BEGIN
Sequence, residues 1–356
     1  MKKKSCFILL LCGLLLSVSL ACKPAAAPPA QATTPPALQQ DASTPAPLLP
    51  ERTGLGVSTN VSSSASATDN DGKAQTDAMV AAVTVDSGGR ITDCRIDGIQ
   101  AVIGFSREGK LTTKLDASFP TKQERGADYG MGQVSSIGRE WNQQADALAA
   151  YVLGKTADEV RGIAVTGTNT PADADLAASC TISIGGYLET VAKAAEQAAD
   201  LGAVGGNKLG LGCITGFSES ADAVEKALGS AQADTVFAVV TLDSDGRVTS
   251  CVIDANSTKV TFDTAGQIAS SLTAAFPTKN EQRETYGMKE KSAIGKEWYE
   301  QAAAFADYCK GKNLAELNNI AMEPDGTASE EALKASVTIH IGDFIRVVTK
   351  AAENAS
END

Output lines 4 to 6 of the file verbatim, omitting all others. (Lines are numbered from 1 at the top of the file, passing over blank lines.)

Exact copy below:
   101  AVIGFSREGK LTTKLDASFP TKQERGADYG MGQVSSIGRE WNQQADALAA
   151  YVLGKTADEV RGIAVTGTNT PADADLAASC TISIGGYLET VAKAAEQAAD
   201  LGAVGGNKLG LGCITGFSES ADAVEKALGS AQADTVFAVV TLDSDGRVTS